JYTTE HØY
 
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CURRENT
CURRICULUM VITAE
EXHIBITIONS
PUBLICATIONS
PROJECTS
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GRINDSTED STENBÆR 2015
ALPHABET CITY 2012
RAILWAY-TALE & BIG X 2012
MR. FOGGI 2009
HIMMEL-LEGEMER/HIMMELKÖRPER 1999
SHOWROOM
 
© JYTTE HØY
PHOTO CREDIT:
ANDERS SUNE BERG
Lunch-break at Campus Holmen
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ALPHABET CITY. A PERMANENT SCULPTURAL INSTALLATION FOR CAMPUS HOLMEN, 2012

The art piece, Alphabet City, consists of 23 sculptures in stone, steel and wood. The individual sculptures, all shaped as letters from the alphabet, are placed in the grass along the street in front of the Art Schools at Campus Holmen. The sculptures stretch themselves for approximately 200 meters along both side of the street. Together the letters spell an iconic sentence from popular culture. If you know your rock history, you will know, that the sentence is about a special place in the songwriter’s childhood. By singing this sentence he urges us not to forget those places. To decode the sentence you have to walk along the sculptures.

S-T-R-A-W-B-E-R-R-Y-F-I-E-L-D-S-F-O-R-E-V-E-R

Campus Holmen contains Denmark’s most densely packed concentration of educational institutions dealing with the aesthetic disciplines.

Commisioned by The Danish Arts Foundation and The Danish University Property Agency.

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ALPHABET CITY-DK
ALPHABET CITY-UK

ALPHABET CITY. Text by Torben Sangild

Letters are, first and foremost, signs. They are so familiar to us that we tend to perceive them as almost immaterial entities. However, letters are also sensuous phenomena. Handwriting is a personal imprint. Printed letters are graphically designed: each individual font has its own visual expression. Letters are signs for certain sounds: tones (vowels) and noise (consonants). When we utter these sounds, we not only make movements with the mouth but we also impart a dramatic expression to our speech; we give body to the script and each and every minuscule intonation carries meaning. Accordingly, letters embody the architectonic, the musical and dramatic in their immediate everyday praxis.

"Alphabet City" renders the letters sculptural and massively palpable. The characters take on weight and space; you can touch them and feel their surfaces. You can actually climb up on some of them while there are others you can sit on. Schools and letters are closely connected: one of the first things a child learns to do is to write letters and get to know the alphabet. Schools of aesthetic disciplines are different from most other educational institutions. They are creative rather than academic. What all art schools are concerned with – and what Jytte Høy’s sculptures similarly involve – is rendering the two-dimensional palpable: the architect’s drawings that become physical building bodies; the musician, who turns written notes into sounds; directors and actors, who carry a written script into realization as corporeal life unfolding on the stage or on the screen. And even when these scores and manuscripts are tossed aside, for the sake of taking a more improvisational kind of approach, there is still an intrinsic relation to the tradition for texts that have been written down.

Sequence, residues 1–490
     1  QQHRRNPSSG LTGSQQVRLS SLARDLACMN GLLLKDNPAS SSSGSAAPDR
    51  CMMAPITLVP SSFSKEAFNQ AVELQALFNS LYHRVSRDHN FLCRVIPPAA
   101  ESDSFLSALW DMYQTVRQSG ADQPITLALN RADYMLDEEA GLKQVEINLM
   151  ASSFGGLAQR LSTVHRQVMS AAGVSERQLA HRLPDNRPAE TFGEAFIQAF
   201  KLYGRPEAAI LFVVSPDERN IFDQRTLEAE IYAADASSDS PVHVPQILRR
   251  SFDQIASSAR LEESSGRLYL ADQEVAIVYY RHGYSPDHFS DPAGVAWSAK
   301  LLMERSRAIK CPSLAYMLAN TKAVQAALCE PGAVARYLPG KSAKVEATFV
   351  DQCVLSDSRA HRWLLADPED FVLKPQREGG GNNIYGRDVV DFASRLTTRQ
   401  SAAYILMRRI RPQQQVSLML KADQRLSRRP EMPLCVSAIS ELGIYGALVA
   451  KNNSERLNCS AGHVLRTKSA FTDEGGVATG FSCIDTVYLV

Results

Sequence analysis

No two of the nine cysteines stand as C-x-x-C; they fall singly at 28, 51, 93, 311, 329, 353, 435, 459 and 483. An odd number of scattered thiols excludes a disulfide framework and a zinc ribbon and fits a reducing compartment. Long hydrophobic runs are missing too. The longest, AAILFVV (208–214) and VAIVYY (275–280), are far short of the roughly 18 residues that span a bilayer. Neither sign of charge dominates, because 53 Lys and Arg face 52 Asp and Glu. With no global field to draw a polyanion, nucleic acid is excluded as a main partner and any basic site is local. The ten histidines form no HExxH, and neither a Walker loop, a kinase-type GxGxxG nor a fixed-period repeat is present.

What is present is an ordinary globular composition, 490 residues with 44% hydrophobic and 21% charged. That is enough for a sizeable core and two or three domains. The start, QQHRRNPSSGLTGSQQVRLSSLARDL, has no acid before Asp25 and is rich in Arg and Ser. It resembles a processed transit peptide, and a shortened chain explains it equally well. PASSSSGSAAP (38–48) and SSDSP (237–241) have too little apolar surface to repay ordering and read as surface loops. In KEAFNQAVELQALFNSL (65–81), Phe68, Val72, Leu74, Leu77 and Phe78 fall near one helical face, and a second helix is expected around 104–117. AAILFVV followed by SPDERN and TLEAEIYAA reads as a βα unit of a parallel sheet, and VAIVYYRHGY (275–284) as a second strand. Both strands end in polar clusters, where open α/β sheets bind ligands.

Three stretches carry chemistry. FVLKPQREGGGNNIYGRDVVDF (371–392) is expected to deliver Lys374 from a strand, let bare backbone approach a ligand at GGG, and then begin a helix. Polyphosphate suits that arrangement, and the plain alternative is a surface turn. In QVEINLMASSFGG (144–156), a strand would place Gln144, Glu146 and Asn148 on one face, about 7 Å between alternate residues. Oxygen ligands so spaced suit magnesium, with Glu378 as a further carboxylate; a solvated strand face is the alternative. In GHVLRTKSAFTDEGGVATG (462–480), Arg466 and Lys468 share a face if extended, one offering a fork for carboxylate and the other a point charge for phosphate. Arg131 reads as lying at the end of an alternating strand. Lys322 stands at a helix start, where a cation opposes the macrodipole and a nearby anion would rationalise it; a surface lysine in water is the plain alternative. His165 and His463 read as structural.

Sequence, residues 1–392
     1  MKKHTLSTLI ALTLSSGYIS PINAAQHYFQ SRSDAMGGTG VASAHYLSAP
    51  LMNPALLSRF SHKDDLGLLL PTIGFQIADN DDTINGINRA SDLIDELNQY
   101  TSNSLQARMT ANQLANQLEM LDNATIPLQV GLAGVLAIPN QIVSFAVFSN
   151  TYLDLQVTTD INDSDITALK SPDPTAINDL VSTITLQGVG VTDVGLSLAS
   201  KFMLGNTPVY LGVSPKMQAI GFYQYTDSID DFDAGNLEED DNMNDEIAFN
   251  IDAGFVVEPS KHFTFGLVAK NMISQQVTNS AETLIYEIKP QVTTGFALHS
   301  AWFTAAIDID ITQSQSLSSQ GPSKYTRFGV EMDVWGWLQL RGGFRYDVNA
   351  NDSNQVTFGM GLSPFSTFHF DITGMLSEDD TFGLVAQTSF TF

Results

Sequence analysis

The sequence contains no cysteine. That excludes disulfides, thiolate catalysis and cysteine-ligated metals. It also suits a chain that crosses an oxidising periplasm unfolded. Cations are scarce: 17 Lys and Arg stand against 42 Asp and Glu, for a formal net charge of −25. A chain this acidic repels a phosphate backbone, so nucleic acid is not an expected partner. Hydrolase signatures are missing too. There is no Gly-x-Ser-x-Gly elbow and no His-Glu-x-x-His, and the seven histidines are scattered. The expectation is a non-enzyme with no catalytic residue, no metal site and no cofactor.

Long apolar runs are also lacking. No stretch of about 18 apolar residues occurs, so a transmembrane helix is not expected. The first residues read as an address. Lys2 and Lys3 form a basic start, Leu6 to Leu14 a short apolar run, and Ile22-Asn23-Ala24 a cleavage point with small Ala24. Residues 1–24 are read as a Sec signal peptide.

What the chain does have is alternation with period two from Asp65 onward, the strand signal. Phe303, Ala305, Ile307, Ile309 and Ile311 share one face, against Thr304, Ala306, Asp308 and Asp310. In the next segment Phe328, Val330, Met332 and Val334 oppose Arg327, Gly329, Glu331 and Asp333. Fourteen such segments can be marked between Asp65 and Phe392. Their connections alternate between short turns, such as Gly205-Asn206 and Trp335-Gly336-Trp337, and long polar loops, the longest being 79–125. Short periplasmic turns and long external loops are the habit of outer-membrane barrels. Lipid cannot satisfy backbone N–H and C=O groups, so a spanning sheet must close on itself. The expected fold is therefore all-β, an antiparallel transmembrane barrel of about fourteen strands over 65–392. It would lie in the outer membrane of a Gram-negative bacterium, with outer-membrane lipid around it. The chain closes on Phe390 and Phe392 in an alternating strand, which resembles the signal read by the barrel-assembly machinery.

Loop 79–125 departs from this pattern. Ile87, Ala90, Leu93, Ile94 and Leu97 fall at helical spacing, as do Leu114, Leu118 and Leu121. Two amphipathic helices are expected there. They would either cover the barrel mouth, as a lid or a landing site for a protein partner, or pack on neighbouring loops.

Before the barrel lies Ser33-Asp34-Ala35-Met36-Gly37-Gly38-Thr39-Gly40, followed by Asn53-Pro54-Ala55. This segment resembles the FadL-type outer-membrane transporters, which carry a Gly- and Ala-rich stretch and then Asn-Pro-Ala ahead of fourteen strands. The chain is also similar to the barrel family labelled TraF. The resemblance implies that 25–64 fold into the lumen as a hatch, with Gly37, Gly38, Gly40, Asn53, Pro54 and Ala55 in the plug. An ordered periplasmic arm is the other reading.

The individual sculptures, as such, are economically compact, simple and generally symmetrical. However, their variation and especially their way of being set up on the lawns are more askew. Some of the sculptures appear to be almost toppled or flung forth, as a counterbalance to the impeccable order that each one of them represents.

The forms in “Alphabet City” can be divided up into certain categories: Stackings with stair-like elements; massive volumes that constitute, in themselves, a letter; other volumes where the letter is inscribed in the manner of an ornament; and steel constructions, where the letter serves as the point of origin for something that might call to mind an architectonic framework. And then there are the two ‘R’s that do not fall in under any of these basic principles.

The sculptures all relate to the scale of the body. Some are tall and vertical: they strive upwards and are reminiscent of socles or monuments, with all the appurtenant authority linked up to these. Others are oriented more horizontally, with the result that you feel superior to them and can, ad libitum, sit down or step on them. The ‘O’ happens to be located close to the bus stop and can serve as a place to sit down for those who might be waiting. Some of the sculptures are almost at eye level with the observer.

The materials provide a historical perspective with palpable connections to ancient and classical sculpture: marble, sandstone, ironwood, granite, basalt. And then there’s the modern steel, which was an essential prerequisite for modern urban architecture. The black and the white predominate, with the ironwood’s matte reddish-brown and the sandstone’s discrete traces of yellow as the only deviations.

The letters form three words, which comprise a title that refers to a place. Everybody knows the title. But the place to which it refers is less familiar. It is the special place belonging to a childhood, which must never be forgotten.

Translated by Dan A. Marmorstein

 
 
Image: Lunch-break at Campus Holmen